California Housing Affordability Inches Up in the Third Quarter
- A new report form the California Association of Realtors puts the number of households who can afford a single-family home in the state at 27 percent in the third quarter, a slight increase from the previous quarter.
- Affordability conditions in the nine-county Bay Area improved from the second quarter, rising to 21 percent, but were down on an annual basis.
- In Los Angeles County, 22 percent of households can afford to purchase a home, down from the second quarter and identical to one year earlier.
Homes in California and the nine-county Bay Area were slightly more affordable than they were in the second quarter, though less than one-third of households meet the minimum income requirements to qualify for a mortgage. Meanwhile, affordability conditions in Los Angeles County trended in the opposite direction.
The California Association of Realtors’ latest Housing Affordability Index says that 27 percent of state households could afford to purchase the median-priced $588,530 existing single-family home in the third quarter, up from 26 percent in the second quarter but down from 28 percent at the same time last year. California households need to earn a minimum annual income of $125,540 to afford to make the $3,140 monthly housing bill, assuming a 20 percent down payment and a 30-year, fixed rate mortgage at 4.77 percent.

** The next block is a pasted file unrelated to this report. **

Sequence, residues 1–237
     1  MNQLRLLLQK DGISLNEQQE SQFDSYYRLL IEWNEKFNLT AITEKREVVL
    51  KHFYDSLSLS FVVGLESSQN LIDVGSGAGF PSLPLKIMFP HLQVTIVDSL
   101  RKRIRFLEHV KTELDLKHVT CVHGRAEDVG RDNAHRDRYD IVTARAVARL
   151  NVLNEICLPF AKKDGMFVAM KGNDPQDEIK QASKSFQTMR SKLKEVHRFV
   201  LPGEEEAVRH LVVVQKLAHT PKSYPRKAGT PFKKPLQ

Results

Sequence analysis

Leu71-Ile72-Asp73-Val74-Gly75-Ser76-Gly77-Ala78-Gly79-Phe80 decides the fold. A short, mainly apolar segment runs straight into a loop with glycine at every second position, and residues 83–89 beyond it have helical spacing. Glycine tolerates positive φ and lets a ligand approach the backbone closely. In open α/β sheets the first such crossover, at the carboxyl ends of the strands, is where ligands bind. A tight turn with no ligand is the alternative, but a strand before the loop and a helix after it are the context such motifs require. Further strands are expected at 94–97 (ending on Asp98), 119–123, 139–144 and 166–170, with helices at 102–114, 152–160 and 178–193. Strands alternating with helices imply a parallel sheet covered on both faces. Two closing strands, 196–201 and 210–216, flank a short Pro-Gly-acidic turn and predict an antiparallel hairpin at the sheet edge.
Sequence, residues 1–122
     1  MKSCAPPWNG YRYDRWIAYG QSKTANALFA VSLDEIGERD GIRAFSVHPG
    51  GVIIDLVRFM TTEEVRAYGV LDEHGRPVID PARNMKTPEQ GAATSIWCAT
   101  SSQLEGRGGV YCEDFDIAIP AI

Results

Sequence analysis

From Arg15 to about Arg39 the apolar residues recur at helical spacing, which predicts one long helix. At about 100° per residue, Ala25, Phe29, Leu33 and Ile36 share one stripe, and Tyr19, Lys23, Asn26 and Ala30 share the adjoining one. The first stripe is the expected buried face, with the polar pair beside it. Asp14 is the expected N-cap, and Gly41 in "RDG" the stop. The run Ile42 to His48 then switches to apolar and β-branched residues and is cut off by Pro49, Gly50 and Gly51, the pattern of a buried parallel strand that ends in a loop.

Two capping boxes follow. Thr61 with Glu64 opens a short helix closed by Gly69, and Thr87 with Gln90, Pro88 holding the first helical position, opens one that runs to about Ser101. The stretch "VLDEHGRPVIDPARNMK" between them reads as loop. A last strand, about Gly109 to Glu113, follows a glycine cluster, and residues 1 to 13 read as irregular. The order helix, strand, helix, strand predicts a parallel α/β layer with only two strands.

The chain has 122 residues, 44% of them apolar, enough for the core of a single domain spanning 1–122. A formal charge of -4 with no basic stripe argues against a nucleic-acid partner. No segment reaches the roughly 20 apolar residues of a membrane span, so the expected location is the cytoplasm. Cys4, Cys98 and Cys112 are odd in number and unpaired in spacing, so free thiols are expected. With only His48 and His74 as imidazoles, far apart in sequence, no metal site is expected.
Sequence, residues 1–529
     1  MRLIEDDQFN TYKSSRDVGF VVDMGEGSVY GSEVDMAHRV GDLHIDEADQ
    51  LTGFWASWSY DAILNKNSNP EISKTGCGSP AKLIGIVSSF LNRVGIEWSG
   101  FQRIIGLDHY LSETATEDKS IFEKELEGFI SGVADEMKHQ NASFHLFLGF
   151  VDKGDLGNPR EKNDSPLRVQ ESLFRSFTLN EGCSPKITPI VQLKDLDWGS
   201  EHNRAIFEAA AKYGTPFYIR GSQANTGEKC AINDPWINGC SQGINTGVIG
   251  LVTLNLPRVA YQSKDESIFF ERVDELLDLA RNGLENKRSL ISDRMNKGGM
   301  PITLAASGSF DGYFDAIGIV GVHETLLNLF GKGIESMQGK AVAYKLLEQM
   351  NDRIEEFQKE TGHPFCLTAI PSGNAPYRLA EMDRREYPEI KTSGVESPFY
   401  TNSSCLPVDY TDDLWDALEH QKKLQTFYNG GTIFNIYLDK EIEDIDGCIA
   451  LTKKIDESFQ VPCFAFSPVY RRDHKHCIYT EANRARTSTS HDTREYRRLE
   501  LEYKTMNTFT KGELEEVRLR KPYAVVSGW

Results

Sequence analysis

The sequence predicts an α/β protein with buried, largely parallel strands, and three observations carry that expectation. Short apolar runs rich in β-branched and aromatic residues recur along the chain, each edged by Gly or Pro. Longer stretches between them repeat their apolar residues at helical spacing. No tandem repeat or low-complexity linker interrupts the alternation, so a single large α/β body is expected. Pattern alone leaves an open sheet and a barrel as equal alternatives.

Less than 30 percent of California residents have been able to afford a home for five of the past eight quarters. Affordability peaked in early 2012, when nearly 60 percent of Golden State households met the minimum qualifying income requirements.
In the Bay Area, 21 percent of residents could afford to buy the median priced $950,000 home, up from the second quarter but down from 23 percent in the third quarter of 2017. Bay Area households need minimum qualifying incomes of about $200,000 to make monthly mortgage payments that average $5,070. Across the region, the number of households who can afford a real estate purchase ranges from 14 percent in San Mateo County to 38 percent in Solano County.
As California’s two most expensive counties, with third-quarter median sales prices of $1,600,000, San Mateo and San Francisco homebuyers must make nearly $350,000 per year and can expect to shell out monthly mortgage payments of more than $8,500. Marin and Santa Clara counties followed, with required annual incomes of about $277,000 to make the monthly payments of $6,930 on the median-priced $1,300,000 home.
In Los Angeles County, 22 percent of residents could afford the median-priced $628,940 single-family home, down from 26 percent in the second quarter and unchanged from one year earlier. Homebuyers in Los Angeles must pull in $134,160 each year to pay monthly mortgage bills of $3,350.
California home shoppers will almost certainly continue to grapple with affordability challenges as mortgage rates increase. The latest numbers from Freddie Mac put 30-year, fixed-rate mortgages at 4.83 percent for the week ended Nov. 1, up from 3.94 percent at the same time last year. A recent CAR forecast projects that mortgage rates will reach 5.2 percent by the end of 2019, which would reduce the number of Golden State households who can afford to buy a home to 25 percent.